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You've just checked into the hospital. What's the first thing you have to do?

Take off your clothes, put them in a canvas bag, and put on an itchy old hospital gown, of course.

There are practical reasons (well, sometimes) for those hideous, unisex creations. But few people like wearing hospital gowns, and it might be about more than them just being ugly.


In fact, recent studies have shown that being forced to wear an ill-fitting, nondescript gown can contribute to a feeling of stress and vulnerability for patients. These gowns may also cause doctors to see people as just patients rather than people, which ... isn't great.

That's why one group came up with a 100% improvement on those boring gowns.

All photos courtesy of Starlight Children's Foundation Canada.

They're called Ward+Robes and they design hospital gowns for teens — gowns that they'll actually want to wear.

Why teens? Trevor Dicaire, the senior vice president of development at Starlight Children's Foundation Canada (one of the organizations behind the project), says sick teens are often forgotten and underserved in hospitals, with so much charity going to younger kids.

And when it comes to identity, we all know how important it is for teenagers to be able to express themselves as they figure out who they are.

Ward+Robes teams up with volunteer artists, including heavy-hitter Izzy Camilleri (she used to design for A-list celebrities), to produce eye-popping creations.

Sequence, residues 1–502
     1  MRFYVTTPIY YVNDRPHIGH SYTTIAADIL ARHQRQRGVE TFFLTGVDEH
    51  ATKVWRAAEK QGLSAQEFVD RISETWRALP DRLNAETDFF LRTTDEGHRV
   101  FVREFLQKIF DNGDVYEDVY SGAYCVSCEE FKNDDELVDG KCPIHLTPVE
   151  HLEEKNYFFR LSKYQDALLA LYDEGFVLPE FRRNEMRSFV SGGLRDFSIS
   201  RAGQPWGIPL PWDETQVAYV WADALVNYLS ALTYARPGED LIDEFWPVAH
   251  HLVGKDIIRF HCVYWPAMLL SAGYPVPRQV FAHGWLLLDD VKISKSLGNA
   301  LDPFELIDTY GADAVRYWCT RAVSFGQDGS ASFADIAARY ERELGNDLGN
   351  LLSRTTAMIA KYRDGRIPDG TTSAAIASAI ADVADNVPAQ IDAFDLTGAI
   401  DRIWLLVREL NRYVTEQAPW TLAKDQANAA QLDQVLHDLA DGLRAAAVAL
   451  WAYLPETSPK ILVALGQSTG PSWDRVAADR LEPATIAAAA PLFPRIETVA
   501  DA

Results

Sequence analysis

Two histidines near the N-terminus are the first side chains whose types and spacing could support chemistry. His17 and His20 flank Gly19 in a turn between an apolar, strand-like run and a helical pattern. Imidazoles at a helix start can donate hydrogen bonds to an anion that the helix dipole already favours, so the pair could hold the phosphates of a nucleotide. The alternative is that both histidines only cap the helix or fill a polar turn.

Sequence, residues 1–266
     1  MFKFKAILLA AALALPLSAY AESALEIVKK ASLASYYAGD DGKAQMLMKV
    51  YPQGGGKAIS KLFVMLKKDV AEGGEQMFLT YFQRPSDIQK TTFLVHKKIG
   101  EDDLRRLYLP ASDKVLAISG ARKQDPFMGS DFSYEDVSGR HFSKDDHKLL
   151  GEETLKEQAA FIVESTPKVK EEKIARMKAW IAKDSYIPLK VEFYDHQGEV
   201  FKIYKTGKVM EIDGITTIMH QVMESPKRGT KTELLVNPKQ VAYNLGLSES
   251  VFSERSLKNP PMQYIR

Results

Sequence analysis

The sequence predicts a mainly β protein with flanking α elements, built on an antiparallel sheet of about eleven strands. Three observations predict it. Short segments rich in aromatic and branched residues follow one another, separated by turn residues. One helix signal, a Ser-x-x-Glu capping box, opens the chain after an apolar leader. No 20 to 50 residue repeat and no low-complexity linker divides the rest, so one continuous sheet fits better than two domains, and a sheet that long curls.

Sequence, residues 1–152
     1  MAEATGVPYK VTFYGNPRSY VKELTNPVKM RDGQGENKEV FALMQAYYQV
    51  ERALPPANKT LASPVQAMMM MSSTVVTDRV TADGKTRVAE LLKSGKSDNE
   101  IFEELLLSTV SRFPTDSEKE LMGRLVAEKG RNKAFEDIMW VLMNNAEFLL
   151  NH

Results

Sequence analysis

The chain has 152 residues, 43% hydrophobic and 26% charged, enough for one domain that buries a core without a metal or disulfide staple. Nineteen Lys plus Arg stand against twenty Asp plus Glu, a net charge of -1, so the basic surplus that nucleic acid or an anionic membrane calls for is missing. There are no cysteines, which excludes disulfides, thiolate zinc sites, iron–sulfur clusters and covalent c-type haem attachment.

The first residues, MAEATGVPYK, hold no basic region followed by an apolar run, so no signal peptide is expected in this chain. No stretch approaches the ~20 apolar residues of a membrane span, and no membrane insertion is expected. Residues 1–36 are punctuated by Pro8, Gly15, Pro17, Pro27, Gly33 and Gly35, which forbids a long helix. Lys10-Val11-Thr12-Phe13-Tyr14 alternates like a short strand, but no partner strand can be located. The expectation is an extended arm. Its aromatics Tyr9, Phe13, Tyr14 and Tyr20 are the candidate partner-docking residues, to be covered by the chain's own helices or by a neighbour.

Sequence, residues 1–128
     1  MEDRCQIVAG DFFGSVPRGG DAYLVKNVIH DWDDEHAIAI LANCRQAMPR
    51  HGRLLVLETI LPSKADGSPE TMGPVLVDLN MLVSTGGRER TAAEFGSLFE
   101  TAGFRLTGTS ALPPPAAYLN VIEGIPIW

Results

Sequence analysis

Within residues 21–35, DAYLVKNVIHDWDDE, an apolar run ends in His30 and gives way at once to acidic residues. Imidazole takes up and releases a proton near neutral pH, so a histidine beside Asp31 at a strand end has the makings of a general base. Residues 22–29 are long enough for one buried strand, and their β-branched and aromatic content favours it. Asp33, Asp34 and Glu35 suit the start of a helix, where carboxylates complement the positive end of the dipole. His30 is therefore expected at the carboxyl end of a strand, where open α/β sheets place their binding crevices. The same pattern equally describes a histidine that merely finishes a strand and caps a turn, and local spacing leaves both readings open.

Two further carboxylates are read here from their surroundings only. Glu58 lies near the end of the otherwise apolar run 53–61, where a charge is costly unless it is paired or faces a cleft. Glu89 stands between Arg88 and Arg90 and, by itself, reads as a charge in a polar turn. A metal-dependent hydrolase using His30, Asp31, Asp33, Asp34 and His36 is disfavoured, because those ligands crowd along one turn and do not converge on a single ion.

The robes are then delivered to children's hospitals where teen patients can trade in their blegh-blue garments for something a little ... livelier.

Every teen in the program receives a gown for free, and Ward+Robes operates mostly on donations and volunteer services.

"Anything that we're able to do to bring some positivity, some distraction, some joy to children in hospitals is pretty much what we're all about," Dicaire says.

"I was amazed to watch the teens walk in in their standard issue gowns and get super excited that they could go to this rack of robes and pick something that felt more like them," Dicaire says of the first time he saw the program in action.

"And the change in their faces — their smiles, they lit up."

The project kicked off at The Children's Hospital of Eastern Ontario, but Ward+Robes has plans to expand soon.

And the coolest part? The teenagers get to keep the custom gowns, just in case they have to go back to the hospital again.

Or better yet, they can keep them as a reminder of recovery.

Dicaire says almost all of the people at hospitals he's spoken to have jumped at the opportunity instantly as a way to improve patient care, and the designers have really brought the project to life.

"All the designers went over and above and made numerous wardrobes for us. And the great thing about that was that it offered us to offer a true array of designs for kids to choose from."

The new robes won't make illnesses go away. But the morale boosts they give are super important.

Krista Raspor, one of the creative minds behind the project, says the robes are game changing for a lot of the kids she's worked with. "I spent time in the hospital as a teen and it sucked," she said. "Like, a lot."

"Wearing a hospital gown makes you feel like a number ... a sick, disenfranchised number. And I never really understood why it had to be that way."

Thanks to the hard work of Krista and her peers, it might not have to be that way for much longer. And that is no small feat.

Learn more about the impact a sweet-looking hospital gown can have and how you can help support the project, in the video below:

Photo by Roméo A. on Unsplash

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